Can You Really Reduce, Reuse and Recycle Your Way to a Bigger Bank Account?

Earth RecycleThe Bottom Line Thinking Approach to Conservation

Conservation is the act of preserving, guarding, and protecting.  This can refer to many things – the planet, our possessions, and our financial resources.

I can remember the phrase reduce, reuse, recycle from my grade school years and I still sing the jingle with enthusiasm when I think about conservation.  The U.S. Environmental Protection Association holds a patent on the phrase and the organization is a great reference for all the ins and outs of what the phrase represents and how to put it into practice.

The whole idea behind conservation is that we (humankind) have one earth to live on and we must share it and consider the footprint we leave by our daily actions and the choices we make in all aspects of life.  One of my favorite quotes is in a national park in Alaska  – “Leave only footprints”.


Reducing our waste can save the earth and its natural resources and also save us money!!  In my opinion, reducing is a state of mind.  Reducing can mean a number of things.  Check out the EPA website[1] for more information on how to Reduce!  You can start by doing simple things like: (a) caulking or sealing any leaks around your windows and doors to reduce heating and cooling costs, (b) turning off the water when you are brushing your teeth or scrubbing a pot, (c) taking shorter showers, (d) hand-watering your garden or lawn instead of leaving sprinklers running, (e) using towels or wearing certain clothing more than once.


This brings me to the next piece of the phrase, “Reuse.”  Pinterest has become a recent phenomenon that gives us endless ideas on how to reuse materials and turn trash into treasure.  (Click to Tweet) We must think about how to reuse the tangible items around the house to avoid throwing them in a landfill to never be seen again and we must also think about how to reuse our natural resources.   One great example of reusing a natural resource is black and grey water recycling in areas that do not hold enough fresh water resources to supply the overall demand.  Click here to read about the Mexico City Project.   Grey water is water from your shower, laundry or sink that is re-purposed for garden use.[2]  Black water (untreated sewage water) is a little bit more challenging.  But, with the proper filtration and treatment, it, too, is reused for garden purposes.  This is a great way of thinking outside the box and turning waste into something useful.  As global weather patterns change, regions that once used to flourish with water resources may dry up and these conservation methods may need to be used.  You know what they say, “Good to the last drop!”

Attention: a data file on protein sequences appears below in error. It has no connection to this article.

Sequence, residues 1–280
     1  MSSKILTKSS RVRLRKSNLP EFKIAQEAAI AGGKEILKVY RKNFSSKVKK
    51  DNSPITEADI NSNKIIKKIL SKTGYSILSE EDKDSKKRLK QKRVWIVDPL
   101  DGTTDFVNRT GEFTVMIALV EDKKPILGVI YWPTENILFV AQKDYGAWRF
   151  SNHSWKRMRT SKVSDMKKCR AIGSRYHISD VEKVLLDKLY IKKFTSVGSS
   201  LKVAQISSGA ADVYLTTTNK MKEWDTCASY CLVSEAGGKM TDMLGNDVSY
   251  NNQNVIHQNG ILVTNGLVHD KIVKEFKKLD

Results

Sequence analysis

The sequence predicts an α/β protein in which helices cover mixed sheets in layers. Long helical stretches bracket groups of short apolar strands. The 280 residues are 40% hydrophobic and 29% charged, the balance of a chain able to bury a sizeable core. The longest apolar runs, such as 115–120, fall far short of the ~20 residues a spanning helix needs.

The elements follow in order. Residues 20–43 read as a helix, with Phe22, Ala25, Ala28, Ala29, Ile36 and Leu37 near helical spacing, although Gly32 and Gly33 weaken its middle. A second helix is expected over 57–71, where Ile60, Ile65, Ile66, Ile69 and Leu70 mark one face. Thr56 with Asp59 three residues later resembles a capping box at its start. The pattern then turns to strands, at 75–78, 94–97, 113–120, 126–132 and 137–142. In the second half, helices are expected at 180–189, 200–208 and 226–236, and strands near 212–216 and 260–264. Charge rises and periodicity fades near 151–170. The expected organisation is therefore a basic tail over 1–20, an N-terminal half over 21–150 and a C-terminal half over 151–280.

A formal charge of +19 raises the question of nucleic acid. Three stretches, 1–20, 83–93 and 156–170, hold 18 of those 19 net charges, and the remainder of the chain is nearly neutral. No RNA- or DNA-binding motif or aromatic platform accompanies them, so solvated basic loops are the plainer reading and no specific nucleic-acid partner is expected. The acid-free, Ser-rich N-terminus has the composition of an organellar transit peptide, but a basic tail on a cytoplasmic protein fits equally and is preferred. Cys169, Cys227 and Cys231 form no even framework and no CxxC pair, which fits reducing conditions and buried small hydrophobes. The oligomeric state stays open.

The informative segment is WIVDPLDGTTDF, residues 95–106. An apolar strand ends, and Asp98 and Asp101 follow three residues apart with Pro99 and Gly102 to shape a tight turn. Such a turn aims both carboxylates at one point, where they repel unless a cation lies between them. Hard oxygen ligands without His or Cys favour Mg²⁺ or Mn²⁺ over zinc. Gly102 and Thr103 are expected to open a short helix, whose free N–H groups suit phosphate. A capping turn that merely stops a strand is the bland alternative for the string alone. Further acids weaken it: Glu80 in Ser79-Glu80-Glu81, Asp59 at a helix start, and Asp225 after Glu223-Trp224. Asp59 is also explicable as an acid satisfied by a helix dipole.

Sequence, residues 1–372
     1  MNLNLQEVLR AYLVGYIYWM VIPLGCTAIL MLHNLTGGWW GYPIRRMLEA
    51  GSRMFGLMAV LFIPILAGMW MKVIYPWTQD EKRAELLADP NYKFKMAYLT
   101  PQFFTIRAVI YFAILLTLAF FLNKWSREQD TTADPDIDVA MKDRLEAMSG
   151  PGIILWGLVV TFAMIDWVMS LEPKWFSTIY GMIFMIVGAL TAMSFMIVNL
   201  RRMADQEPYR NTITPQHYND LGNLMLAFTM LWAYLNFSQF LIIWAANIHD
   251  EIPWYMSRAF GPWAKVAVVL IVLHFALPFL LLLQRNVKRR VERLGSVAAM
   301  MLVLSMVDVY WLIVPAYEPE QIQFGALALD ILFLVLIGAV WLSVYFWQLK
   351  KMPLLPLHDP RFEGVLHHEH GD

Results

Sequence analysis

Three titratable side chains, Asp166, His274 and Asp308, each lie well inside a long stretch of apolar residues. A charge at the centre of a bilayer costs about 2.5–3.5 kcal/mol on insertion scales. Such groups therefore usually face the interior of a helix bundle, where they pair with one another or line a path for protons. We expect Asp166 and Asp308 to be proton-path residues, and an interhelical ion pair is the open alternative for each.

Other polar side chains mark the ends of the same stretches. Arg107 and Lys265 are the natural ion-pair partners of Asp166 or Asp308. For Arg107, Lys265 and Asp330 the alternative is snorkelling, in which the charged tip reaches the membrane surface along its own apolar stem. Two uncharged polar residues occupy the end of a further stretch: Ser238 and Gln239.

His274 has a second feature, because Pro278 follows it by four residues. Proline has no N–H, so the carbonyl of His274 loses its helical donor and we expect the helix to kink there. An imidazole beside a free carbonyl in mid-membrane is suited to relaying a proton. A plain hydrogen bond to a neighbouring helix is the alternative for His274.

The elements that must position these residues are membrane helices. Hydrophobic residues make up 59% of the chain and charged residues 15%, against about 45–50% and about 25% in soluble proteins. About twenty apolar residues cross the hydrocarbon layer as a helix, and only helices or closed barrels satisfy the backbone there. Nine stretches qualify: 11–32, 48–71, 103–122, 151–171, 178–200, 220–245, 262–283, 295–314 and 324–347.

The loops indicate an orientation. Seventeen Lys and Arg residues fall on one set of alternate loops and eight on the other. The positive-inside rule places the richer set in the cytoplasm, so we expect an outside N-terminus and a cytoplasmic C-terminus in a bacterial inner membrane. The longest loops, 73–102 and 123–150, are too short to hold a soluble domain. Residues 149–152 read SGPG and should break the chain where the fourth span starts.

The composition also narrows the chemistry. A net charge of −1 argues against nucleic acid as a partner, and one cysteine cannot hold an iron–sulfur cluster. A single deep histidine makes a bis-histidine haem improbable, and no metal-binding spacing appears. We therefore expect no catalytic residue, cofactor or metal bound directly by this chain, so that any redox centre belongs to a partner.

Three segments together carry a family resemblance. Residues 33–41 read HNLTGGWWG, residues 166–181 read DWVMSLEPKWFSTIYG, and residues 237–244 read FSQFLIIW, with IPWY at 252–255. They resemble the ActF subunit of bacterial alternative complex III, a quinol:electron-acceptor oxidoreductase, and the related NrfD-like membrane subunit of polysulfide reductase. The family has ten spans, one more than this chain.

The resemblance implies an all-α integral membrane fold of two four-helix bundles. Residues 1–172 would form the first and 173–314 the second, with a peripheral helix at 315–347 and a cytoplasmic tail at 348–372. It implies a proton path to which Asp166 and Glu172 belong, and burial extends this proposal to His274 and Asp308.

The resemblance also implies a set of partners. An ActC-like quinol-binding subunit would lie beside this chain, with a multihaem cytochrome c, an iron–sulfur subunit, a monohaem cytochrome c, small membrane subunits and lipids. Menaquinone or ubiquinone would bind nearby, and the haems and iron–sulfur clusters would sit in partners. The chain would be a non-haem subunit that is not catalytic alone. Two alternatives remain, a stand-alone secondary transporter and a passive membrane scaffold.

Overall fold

“Buy used; you can find everything from clothing to building materials at specialized reuse centers and consignments shops.”[3]   It is popular to shop for vintage clothing at the Goodwill, Salvation Army or antique and consignment shops at a greatly reduced price.   People use reconstituted items like old slats from a fallen down barns to make a decorative accent wall in an up-and-coming restaurant in addition to the many vintage clothing options in many hipster ads.  And you can give your used items for a tax benefit.


Recycling is the last part to the “Reduce, Reuse, Recycle” phrase but maybe one of the most important.  The Environmental Protection Agency reports that over 12% of the waste generated in 2007, came from plastic products.[4] (Click to Tweet). This is astronomical!!  The good news is that, “for every 1 ton of plastic that’s recycled, reports estimate that 7 yards of landfill space is saved. By recycling, you can also help conserve the additional 80% of energy that’s typically used when making new plastic bottles, containers and other items instead of recycling. It’s easy to see why recycling plastic is so important.”[5]  When I drive through my neighborhood, I observe who has the little green bin sitting next to their trashcan.  This can give you an idea who else embraces the three R’s of conservation.  So, if your neighbor is not using her recycling bin, don’t be afraid to say something.  Go ahead and ask them if they know anything about the reduce, reuse, recycle mentality.

As for the economic benefit of recycling – did you know that California’s recycling efforts employ 84,000 people generating an annual payroll of $2.25 billion and grosses $14.2 billion in annual revenue?[6]  There are some who question the overall cost-effectiveness of recycling and/or question whether the materials collected are truly being recycled.  For a great article debunking most of the recycling myths, click here.

Does your city offer a recycling program?  Do you take part?  If not, why not?

Dr. Andrew Kender
Chiropractic Physician
April 26, 2015

Functional Endocrinology of Ohio
Akron: 2800 S. Arlington Road, Akron, Ohio 44312 (330) 644-5488
Cleveland: 6200 Rockside Woods Blvd., Ste. 100, Independence, Ohio 44131 (216) 236-0060
Dr. Keith S. Ungar, Dr. David Starkey and Dr. Andrew Kender, Chiropractic Physicians

[5] Id.

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